It is known that the RING gene play a key role in plant growth and response to abiotic stresses. Accordingly, the cis-acting elements related to abiotic stress, growth and hormone regulation were focused upon here. The respective locations of the five major acting elements associated with hormone response, binding sites, growth and development, and stress of our concern, on the promoter of the VvRCHCs (Fig. S4a) were determined. To accurately identify the stress-related elements, we focused on four kinds (anaerobic induction, injury response, low temperature, drought response (Fig. S4b), low temperature response, defense and stress response), whose locations are also depicted. In addition, we counted the number of major elements related to stress, growth and development, and hormone responses in the VvRCHC gene promoter (Fig. S4b). Evidently, concerning growth and development, the number of O2-sites is the largest, there are 5 promoters of VvRCHC6 and 4 promoters of VvRCHC40. In terms of stress, the number of ARE is very large, found in 89 % of the VvRCHCs promoters, moreover, 5 of the most promoters of VvRCHC14 and VvRCHC81 occurred. In terms of hormone response, the number of ABRE is dominant, found in 64 % of the VvRCHCs promoters, moreover, 9 of the most promoters of VvRCHC3 and VvRCHC16 occurred. Surprisingly, 22 of the VvRCHC74 gene promoters were found and 11 of the VvRCHC128 gene promoters were found. These results suggest that VvRCHCs may be associated with cis-acting elements of different functions; in other words, these genes may be regulated by these elements and thereby influence related plant life activities.

Expression analysis of VvRCHCs in roots of two grapevine rootstocks with different drought sensitivity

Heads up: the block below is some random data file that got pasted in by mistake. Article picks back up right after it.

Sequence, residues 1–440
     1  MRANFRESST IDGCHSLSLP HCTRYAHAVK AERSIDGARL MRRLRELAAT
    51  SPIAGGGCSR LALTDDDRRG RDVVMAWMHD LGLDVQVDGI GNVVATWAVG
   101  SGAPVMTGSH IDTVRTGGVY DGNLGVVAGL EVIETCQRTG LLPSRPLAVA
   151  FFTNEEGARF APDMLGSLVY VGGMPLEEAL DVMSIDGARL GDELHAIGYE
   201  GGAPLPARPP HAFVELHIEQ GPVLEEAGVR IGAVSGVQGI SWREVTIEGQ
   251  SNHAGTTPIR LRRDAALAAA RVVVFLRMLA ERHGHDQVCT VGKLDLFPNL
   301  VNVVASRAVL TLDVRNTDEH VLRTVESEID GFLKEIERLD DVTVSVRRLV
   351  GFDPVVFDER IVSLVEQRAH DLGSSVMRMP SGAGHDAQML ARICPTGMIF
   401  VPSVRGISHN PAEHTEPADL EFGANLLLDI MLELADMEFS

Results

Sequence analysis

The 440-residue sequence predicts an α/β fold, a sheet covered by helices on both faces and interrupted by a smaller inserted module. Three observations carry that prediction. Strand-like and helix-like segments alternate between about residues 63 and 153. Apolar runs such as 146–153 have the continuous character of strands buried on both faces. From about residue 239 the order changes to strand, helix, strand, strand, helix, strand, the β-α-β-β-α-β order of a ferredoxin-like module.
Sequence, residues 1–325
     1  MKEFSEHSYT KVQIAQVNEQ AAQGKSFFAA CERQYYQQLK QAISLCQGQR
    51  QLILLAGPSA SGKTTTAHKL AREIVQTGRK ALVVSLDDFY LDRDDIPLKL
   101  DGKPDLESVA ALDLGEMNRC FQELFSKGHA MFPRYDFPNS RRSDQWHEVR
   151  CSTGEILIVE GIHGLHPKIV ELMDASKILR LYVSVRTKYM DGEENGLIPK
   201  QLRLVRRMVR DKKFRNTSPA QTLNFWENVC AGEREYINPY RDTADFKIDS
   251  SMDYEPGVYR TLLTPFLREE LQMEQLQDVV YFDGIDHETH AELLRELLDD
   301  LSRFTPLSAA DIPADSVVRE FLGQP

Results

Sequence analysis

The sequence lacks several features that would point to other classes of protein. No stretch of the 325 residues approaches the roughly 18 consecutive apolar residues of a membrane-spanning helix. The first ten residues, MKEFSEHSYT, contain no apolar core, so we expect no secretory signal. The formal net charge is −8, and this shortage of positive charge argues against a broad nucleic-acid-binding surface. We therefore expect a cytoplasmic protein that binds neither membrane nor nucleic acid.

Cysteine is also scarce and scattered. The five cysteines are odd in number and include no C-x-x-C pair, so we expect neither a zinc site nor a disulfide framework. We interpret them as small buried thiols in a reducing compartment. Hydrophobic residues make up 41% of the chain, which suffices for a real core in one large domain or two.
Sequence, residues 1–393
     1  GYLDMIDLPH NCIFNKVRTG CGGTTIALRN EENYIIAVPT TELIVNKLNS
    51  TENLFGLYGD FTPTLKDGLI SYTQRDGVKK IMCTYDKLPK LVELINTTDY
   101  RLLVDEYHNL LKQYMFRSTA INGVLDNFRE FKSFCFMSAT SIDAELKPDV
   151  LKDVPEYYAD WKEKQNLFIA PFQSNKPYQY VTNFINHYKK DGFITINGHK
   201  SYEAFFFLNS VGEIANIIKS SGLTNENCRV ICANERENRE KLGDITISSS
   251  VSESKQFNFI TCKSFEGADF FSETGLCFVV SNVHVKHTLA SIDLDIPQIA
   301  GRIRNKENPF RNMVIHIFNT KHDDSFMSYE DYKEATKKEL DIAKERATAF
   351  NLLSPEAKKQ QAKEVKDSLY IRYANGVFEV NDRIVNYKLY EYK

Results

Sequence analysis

To investigate differential VvRCHCs’ expression between plants having contrasting drought-resistant genes (101.14 vs. M4) under drought stress and their potential functioning, the grapevine RNA-Seq transcriptome database of the published dataset was used [24]. We checked the expression of 143 VvRCHCs, of them, a total of 136 VvRCHCs expression.To understand the expression of these VvRCHCs under the drought treatment, we used the ratio of WS (Water Stress) to WW (Well-Watered) gene expression of the two genotypes to draw an expression heat map, expression values are reported as log2(WS/WW) fold change (Fig. 5a), the differential multiple matrixes of these VvRCHCs is recorded in Table S4. However, more than 60 % of the VvRCHCs in the two genotypes were highly expressed under the imposed drought. To screen out the key genes, in each time period of the treatment, the gene that conforms to |log2 (WS/WW)| > 1 is considered a differential gene, and the Venn diagram was made using the differentially screened genes of the drought-tolerant genotype M4 at different times (Fig. 5b). By looking at the different genes in each period, there are finally 8 genes that are different in three periods. To robustly verify the gene expression levels, the expression patterns of these 8 genes were verified by qRT-PCR (Fig. 6), whose pattern basically conformed to the trend shown in Fig. 5c. The VyRCHC114 gene was significantly down-regulated at 2 days, with a strong downward trend of the drought treatment. The VyRCHC66, VyRCHC68, VyRCHC69 and VyRCHC95 genes had a similar expression trend, being slightly up-regulated at 2 days of drought, but strongly down-regulated thereafter. These results suggested eight key genes are probably involved in regulating the plant response to drought.

Fig. 5
figure5